• Emmy sees dead people—but not the one she really wants to see. It's been one year since Emmy's best friend, Kim, succumbed to her congenital heart disease while they were both in eighth grade. Before her death, Kim had made Emmy promise to contact her on important dates. Now that the anniversary of Kim's death approaches, Emmy has been seeing, communicating with and even helping other recently deceased individuals navigate their transitions to death. So why can't she find Kim? Chapters with different typefaces alternate between Emmy's current, grief-stricken state and events leading up to Kim's death, most notably Kim's interest in a supposed medium touring their Las Vegas–area community. Although the quiet novel is a traditional prose narrative told from Emmy's perspective, ample white space occasionally gives the story the look and feel of a verse novel. As she reconciles her feelings for the once popular and beautiful Kim, overweight Emmy also confronts such issues as self-image, bullying, the growing pains of adolescent friendships and first kisses. A slow start may deter some, but sophisticated readers who stick with the story will find a thoughtful search for closure and acceptance. (Fiction. 12-15)(Kirkus Reviews, March 15, 2014)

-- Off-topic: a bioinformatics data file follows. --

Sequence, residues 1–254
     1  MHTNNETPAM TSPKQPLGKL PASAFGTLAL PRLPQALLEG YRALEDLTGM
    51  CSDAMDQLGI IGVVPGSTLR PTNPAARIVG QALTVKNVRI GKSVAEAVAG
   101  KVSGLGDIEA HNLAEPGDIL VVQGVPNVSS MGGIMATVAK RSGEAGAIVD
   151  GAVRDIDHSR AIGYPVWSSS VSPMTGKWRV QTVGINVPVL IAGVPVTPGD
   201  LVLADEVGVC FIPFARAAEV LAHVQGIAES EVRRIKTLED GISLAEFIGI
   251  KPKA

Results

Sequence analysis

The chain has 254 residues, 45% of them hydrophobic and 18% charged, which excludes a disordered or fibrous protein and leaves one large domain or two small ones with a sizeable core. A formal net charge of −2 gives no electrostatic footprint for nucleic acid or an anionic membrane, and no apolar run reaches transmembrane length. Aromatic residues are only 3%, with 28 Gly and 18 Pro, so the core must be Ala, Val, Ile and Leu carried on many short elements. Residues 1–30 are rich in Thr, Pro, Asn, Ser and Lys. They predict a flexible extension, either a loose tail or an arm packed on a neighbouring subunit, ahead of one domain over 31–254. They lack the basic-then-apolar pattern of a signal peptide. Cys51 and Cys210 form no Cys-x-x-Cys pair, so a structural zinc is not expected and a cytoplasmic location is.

http://library.link/vocab/ext/novelist/bookUI
10307720
Cataloging source
DLC
http://library.link/vocab/creatorName
Ellis, Ann Dee
Dewey number
[Fic]
Index
no index present
LC call number
PZ7.E4582
LC item number
End 2014
Literary form
fiction
http://library.link/vocab/ext/novelist/minGradeLevel
  • 6
  • 10
http://library.link/vocab/resourcePreferred
True
http://library.link/vocab/subjectName
  • Death
  • Best friends
  • Friendship
  • High schools
  • Schools
  • Self-esteem
  • Family life
  • Las Vegas (Nev.)
Target audience
adolescent
Label
The end or something like that, by Ann Dee Ellis
Instantiates
Publication
Carrier category
volume
Carrier MARC source
rdacarrier
Content category
text
Content type MARC source
rdacontent
Control code
ocn851175262
Dimensions
22 cm
Extent
346 pages
Isbn
9780803737396
Isbn Type
(hardcover)
Lccn
2013020975
Media category
unmediated
Media MARC source
rdamedia
System control number
(OCoLC)851175262
Label
The end or something like that, by Ann Dee Ellis
Publication
Carrier category
volume
Carrier MARC source
rdacarrier
Content category
text
Content type MARC source
rdacontent
Control code
ocn851175262
Dimensions
22 cm
Extent
346 pages
Isbn
9780803737396
Isbn Type
(hardcover)
Lccn
2013020975
Media category
unmediated
Media MARC source
rdamedia
System control number
(OCoLC)851175262

Library Locations